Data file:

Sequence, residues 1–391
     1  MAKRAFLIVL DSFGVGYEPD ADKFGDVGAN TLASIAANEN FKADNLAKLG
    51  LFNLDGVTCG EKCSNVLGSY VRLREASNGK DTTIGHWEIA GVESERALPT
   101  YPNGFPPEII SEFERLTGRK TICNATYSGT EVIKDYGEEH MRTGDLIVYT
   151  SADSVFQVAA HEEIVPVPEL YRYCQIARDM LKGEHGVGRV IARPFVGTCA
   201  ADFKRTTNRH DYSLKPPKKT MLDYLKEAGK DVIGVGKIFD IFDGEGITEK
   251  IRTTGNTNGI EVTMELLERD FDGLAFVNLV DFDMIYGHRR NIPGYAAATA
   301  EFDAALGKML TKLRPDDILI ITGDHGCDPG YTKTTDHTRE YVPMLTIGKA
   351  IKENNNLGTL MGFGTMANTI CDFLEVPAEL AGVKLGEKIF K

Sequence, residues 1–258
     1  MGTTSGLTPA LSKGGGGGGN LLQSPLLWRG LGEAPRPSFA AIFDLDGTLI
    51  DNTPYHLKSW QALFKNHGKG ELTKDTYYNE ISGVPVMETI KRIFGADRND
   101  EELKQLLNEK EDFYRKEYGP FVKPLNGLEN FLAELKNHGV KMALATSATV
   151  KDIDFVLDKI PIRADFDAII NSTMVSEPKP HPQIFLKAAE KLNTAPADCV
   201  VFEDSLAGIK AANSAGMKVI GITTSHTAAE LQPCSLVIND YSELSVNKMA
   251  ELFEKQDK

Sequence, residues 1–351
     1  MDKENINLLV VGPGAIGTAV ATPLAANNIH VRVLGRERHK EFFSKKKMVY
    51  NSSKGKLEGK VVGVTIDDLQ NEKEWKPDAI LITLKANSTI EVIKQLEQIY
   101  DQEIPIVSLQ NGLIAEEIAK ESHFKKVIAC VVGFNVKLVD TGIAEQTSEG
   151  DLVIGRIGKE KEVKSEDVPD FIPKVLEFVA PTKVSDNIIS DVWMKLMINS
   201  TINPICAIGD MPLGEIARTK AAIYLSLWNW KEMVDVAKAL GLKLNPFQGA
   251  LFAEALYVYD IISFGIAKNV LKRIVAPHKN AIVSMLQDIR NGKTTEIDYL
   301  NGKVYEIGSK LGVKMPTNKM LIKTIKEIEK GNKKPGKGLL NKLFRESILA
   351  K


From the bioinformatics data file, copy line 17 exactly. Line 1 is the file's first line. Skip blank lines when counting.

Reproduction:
Sequence, residues 1–351